Now this is fascinating.
“Knighton may confirm some of our Game of Thrones-esque expectations about the European Middle Ages, one marked by God’s wrath and a conservative religiosity. But, despite his intentions, Knighton also undermines our expectations by showing us a vibrant Middle Ages filled with color, pageantry, laughter, and performance – one in which people don’t act like we think they’re “supposed to.” In other words, Knighton almost by accident shows us a slice of the real Middle Ages, populated by living, breathing human beings.”
Any thoughts on this out there in Friends-of-Grateful to the Dead-Land?
Here’s an exciting new book examining the social influence of black Christian women in 20th (and 19th) century America.Like other recent analyses of the black church in America, the author ends her account with on a sober assessment of recent disengagement and a plea for re-engagement.
I was immediately reminded of Nancy F. Cott’s The Bonds of Womanhood: “Woman’s Sphere” in New England, 1780 1835, which shows how women similarly laid the groundwork, through prayer, finances, and organization, for the Second Great Awakening, including the success of revivalist Charles G. Finney.
Bettye Collier-Thomas’ Jesus, Jobs and Justice is a tour de force for the study of women and religion.
It navigates within and beyond the walls of institutional religion to delineate the tremendous contributions of African American women of faith to the larger American project.
Collier-Thomas, professor of history at Temple University, makes the convincing argument that it was, indeed, the amazing networks of organizations that women developed in the 1920s and ’30s that laid the foundation for the success of the civil rights movement.
I’ve just finished reading a fascinating book: Eileen Power, Medieval Women. Another Powells-at-Kalamazoo find. It is a dated, but wonderfully vivid, brief tour through medieval attitudes toward women, and women’s roles in court, town, schools, and nunneries. I can’t resist quoting this bit:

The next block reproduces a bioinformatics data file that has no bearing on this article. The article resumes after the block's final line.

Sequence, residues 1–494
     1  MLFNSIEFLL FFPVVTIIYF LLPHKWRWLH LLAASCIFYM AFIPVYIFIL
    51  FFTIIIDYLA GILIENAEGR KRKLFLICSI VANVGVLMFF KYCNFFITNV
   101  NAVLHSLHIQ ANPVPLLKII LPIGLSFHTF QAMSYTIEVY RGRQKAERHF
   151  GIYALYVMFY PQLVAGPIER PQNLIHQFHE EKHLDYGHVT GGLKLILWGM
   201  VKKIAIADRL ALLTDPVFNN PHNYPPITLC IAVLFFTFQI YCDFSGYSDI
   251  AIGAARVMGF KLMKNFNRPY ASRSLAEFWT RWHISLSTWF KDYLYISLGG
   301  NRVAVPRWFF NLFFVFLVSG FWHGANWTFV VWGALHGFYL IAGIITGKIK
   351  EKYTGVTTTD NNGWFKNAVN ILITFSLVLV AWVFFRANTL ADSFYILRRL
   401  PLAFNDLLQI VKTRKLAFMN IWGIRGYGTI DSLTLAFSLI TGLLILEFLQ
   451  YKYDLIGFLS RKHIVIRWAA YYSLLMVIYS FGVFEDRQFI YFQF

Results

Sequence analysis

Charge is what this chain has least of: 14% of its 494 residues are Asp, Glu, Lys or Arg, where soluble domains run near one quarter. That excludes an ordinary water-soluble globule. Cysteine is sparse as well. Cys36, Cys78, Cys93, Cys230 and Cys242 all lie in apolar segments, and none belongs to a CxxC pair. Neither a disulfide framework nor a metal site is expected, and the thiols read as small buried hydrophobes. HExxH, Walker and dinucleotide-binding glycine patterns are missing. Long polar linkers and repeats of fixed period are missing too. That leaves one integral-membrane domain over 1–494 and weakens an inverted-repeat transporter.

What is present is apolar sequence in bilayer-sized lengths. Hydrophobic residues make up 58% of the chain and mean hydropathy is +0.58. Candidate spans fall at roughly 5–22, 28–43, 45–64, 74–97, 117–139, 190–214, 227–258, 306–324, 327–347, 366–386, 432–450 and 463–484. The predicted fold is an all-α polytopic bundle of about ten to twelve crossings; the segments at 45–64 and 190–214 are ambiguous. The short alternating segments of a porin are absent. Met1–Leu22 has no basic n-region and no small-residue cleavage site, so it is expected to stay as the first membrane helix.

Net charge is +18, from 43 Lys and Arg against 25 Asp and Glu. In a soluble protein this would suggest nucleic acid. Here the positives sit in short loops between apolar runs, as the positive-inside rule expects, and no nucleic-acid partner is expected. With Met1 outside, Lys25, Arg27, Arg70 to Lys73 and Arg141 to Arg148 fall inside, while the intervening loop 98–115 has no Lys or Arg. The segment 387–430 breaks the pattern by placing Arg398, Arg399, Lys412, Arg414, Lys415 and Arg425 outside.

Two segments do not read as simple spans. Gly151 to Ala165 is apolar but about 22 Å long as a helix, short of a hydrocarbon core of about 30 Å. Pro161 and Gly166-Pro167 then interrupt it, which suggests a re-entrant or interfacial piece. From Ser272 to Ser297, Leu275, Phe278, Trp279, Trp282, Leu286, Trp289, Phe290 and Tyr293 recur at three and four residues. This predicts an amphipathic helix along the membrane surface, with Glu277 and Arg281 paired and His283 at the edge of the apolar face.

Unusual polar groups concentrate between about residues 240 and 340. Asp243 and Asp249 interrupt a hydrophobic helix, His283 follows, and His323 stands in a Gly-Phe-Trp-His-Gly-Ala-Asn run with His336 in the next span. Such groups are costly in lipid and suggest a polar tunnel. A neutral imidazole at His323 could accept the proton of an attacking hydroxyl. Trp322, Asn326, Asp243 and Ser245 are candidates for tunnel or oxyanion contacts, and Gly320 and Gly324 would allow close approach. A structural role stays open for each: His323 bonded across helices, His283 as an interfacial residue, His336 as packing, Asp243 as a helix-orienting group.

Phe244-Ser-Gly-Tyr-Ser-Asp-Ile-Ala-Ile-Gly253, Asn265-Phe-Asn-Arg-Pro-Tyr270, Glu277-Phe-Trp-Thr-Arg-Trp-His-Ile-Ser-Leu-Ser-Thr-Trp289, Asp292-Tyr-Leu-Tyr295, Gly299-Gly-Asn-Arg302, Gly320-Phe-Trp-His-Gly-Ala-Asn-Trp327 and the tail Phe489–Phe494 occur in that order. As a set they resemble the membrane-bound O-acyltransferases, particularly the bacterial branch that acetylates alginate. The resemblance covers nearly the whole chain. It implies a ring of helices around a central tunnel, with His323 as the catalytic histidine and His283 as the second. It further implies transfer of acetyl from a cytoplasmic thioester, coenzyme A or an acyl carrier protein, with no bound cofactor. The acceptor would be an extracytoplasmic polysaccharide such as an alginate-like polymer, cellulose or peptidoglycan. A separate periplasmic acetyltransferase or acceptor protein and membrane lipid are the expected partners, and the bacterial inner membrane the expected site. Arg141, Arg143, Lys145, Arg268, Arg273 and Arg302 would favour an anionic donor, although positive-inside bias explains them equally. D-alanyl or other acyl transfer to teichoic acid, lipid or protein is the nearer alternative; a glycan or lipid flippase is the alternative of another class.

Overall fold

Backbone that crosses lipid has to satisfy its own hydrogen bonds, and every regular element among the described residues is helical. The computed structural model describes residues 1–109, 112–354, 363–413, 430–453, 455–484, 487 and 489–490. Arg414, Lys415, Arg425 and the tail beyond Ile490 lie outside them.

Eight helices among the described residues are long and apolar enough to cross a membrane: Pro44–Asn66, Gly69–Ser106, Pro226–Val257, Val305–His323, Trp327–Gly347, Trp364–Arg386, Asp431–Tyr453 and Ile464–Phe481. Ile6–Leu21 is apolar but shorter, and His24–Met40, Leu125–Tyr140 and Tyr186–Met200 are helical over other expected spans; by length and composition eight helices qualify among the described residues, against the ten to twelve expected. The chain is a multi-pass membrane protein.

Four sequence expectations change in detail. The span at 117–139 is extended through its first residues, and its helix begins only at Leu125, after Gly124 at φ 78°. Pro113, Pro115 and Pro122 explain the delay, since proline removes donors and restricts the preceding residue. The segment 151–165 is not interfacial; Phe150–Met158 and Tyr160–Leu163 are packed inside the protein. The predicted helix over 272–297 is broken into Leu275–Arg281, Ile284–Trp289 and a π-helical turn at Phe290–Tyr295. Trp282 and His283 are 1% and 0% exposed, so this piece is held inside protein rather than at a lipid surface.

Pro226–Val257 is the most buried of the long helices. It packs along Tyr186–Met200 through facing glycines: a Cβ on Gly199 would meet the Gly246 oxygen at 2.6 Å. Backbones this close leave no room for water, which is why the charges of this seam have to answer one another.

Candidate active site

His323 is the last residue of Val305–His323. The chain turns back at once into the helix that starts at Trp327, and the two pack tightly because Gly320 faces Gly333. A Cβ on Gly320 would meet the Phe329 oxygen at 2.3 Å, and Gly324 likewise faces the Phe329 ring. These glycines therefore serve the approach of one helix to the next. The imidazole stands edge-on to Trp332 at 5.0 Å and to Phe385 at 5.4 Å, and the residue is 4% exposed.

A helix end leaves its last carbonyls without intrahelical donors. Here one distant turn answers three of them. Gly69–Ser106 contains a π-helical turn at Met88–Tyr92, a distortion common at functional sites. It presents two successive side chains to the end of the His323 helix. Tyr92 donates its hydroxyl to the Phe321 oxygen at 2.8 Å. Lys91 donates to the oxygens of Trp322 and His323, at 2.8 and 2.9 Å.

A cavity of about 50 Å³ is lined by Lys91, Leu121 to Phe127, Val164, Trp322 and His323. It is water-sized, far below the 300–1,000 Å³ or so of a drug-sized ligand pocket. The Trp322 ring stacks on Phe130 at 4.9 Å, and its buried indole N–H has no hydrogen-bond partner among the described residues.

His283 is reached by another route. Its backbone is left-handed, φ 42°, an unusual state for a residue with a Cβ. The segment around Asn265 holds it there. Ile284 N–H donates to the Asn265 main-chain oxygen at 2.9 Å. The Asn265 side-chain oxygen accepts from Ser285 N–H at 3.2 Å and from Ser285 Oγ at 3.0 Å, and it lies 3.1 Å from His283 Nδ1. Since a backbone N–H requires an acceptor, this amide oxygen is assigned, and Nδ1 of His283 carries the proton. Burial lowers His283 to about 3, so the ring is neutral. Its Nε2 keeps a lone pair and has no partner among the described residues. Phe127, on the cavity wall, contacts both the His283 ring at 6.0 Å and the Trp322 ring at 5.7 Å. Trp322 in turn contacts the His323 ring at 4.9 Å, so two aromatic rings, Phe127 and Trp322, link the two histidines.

Bishops regarded pets as bad for discipline and for century after century tried to turn animals out of convents without the least success. Nuns just waited till the bishop went and whistled the dogs back again. Dogs were easily the favourite pets, but nuns also kept monkeys, squirrels, rabbits and birds. They sometimes took animals to church with them.
and one more:
For more than six centuries the bishops waged holy war against fashion in the cloister and waged it in vain. Occasionally a wretched bishop flounders unhandily in masculine bewilderment through something like a complete catalogue of contemporary fashions in order to specify what nuns were not to wear. Synods sat, archbishops and bishops shook their heads over golden hairpins and silver belts, jewelled rings, laced shoes, slashed tunics, low-necked dresses, long trains, gay colours, costly materials and furs.
Bishops continually attempted to keep nuns shut up. The most strenuous attempts began in 1300 when Pope Boniface VIII published the Bull Periculoso, ordering nuns never, save in exceptional circumstances, to leave convents nor to allow secular persons to visit them without special licence. But no one ever succeeded in putting the Bull in force. At one nunnery in the diocese of Lincoln, when the bishop came to read the Bull and deposited a copy in the house, the nuns pursued him to the gate when he was riding away and threw the Bull at his head.
For a while Christian History & Biography magazine ran a column titled “People Worth Knowing.” We’d find two or three people with some thematic connection and write up brief, linked profiles. Here is one of my favorites, on several fascinating woman leaders in 19th-century evangelical Protestantism. Appended to the end of the article is a brief piece by Jim Smith, who was an advisory editor for CHB and is now my colleague at Bethel Seminary (on the San Diego campus), on a 19th-century woman who wrote about women in church history:
People Worth Knowing
No Little Women here
It is not much of an exaggeration to say that women made revivalistic Protestantism happen in the nineteenth century. For example, as historian Mary Ryan has shown, Charles Finney’s New York revival meetings were organized, prepared, and prayed for by an extensive network of Christian women. Moreover, these women often brought the men in their lives—husbands, fathers, sons, and more distant relatives—to Finney’s meetings.
Women’s influence soon reached far beyond the prayer meeting and the revival, especially through their participation in social causes. It was in the crusades for educational reform, abolition, and temperance that three of nineteenth-century America’s most prominent Christian women made their names and changed their nation: Catharine Beecher, Sojourner Truth, and Frances Willard. Continue reading
Posted in Resources for Radical Living
Tagged 19th century, America, black church, Catherine Beecher, domesticity, evangelicalism, feminism, Frances Willard, slavery, Sojourner Truth, women, women in ministry